Cereals, olives and mustard are grown and produced and the fish and seafood along the coast of this province are excellent. Maccheroncini di Campofilone, a variety of pasta that has received the PGI, is made exclusively here. The pasta is very thin and only fresh eggs and flour are allowed to be used. No other liquid can be added to make this pasta dough.

Roveja Soup

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The Roveja bean is an ancient legume also known as a wild pea. Flour is made from the bean and used to prepare a kind of porridge, called “Farecchiata”. The bean grows wild in the area of Sibillini. The Greeks, Romans, shepherds and farmers considered it a delicious legume. Today, it is produced in small quantities in Umbria and in the Sibillini mountains. The roveja bean is the size of a pea and varies in color from orange to brown. The flavor is similar to chickpeas and lentils.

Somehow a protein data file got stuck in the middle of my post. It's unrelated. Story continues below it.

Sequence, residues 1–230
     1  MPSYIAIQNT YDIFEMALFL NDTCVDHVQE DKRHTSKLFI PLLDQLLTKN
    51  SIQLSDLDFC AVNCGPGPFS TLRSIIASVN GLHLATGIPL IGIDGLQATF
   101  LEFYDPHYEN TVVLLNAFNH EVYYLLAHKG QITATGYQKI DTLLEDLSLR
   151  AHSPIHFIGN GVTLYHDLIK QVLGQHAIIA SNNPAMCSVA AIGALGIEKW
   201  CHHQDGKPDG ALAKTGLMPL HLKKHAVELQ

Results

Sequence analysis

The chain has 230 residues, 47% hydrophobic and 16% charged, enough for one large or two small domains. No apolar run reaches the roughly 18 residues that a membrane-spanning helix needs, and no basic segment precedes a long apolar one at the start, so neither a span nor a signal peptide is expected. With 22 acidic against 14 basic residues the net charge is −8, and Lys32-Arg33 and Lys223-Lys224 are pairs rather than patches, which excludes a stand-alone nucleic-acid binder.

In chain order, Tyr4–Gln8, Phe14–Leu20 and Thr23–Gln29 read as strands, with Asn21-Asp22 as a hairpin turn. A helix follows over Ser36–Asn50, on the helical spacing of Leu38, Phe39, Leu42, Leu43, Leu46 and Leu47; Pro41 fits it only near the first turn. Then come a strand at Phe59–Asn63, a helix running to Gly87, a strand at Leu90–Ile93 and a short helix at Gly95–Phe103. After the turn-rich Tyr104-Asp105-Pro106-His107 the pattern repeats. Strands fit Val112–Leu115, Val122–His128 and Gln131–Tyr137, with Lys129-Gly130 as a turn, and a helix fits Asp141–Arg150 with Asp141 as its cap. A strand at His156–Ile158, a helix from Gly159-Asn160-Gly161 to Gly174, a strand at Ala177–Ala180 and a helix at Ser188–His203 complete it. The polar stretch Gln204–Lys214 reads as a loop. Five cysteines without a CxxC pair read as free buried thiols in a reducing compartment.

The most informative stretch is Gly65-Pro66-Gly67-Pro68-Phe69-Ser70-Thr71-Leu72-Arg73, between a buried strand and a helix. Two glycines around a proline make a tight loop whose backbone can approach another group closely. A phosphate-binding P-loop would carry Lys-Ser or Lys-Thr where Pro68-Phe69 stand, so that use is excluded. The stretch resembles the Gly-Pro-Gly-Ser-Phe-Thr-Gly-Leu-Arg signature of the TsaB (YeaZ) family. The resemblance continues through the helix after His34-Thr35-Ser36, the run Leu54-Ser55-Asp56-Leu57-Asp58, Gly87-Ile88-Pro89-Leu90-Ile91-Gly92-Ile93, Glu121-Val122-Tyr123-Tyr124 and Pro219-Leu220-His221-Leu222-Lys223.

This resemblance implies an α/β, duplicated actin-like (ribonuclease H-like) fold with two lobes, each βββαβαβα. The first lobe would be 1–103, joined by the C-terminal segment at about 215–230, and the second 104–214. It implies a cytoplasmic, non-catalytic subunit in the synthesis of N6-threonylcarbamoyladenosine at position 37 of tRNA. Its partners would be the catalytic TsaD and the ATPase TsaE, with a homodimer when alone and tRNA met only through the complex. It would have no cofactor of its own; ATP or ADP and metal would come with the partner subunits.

Ingredients for 4 people:

  • 250 g of dry roveja beans
  • 1 clove of garlic
  • 1 onion
  • 1 large potato
  • 1 carrot
  • 1 celery
  • 1 sprig of rosemary
  • 3 leaves of sage
  • 1 bay leaf
  • Salt, pepper and extra-virgin olive oil

Directions

After soaking the roveja beans in water to cover for 10-12 hours, boil them for about an hour until soft.

Heat a little olive oil in a large saucepan and saute the garlic, onion, celery, carrot and potato Add the roveja beans with its cooking water.